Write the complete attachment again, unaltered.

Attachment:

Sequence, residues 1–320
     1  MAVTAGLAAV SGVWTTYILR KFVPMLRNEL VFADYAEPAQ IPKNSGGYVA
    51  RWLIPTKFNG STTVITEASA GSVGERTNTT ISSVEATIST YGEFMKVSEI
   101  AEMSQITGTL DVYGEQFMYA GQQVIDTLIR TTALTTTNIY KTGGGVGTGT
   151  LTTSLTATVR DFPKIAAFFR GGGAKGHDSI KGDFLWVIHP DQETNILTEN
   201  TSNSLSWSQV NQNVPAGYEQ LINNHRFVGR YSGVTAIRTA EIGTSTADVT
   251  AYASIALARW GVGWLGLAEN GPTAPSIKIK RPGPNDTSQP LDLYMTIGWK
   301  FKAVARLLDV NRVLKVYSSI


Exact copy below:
Sequence, residues 1–320
     1  MAVTAGLAAV SGVWTTYILR KFVPMLRNEL VFADYAEPAQ IPKNSGGYVA
    51  RWLIPTKFNG STTVITEASA GSVGERTNTT ISSVEATIST YGEFMKVSEI
   101  AEMSQITGTL DVYGEQFMYA GQQVIDTLIR TTALTTTNIY KTGGGVGTGT
   151  LTTSLTATVR DFPKIAAFFR GGGAKGHDSI KGDFLWVIHP DQETNILTEN
   201  TSNSLSWSQV NQNVPAGYEQ LINNHRFVGR YSGVTAIRTA EIGTSTADVT
   251  AYASIALARW GVGWLGLAEN GPTAPSIKIK RPGPNDTSQP LDLYMTIGWK
   301  FKAVARLLDV NRVLKVYSSI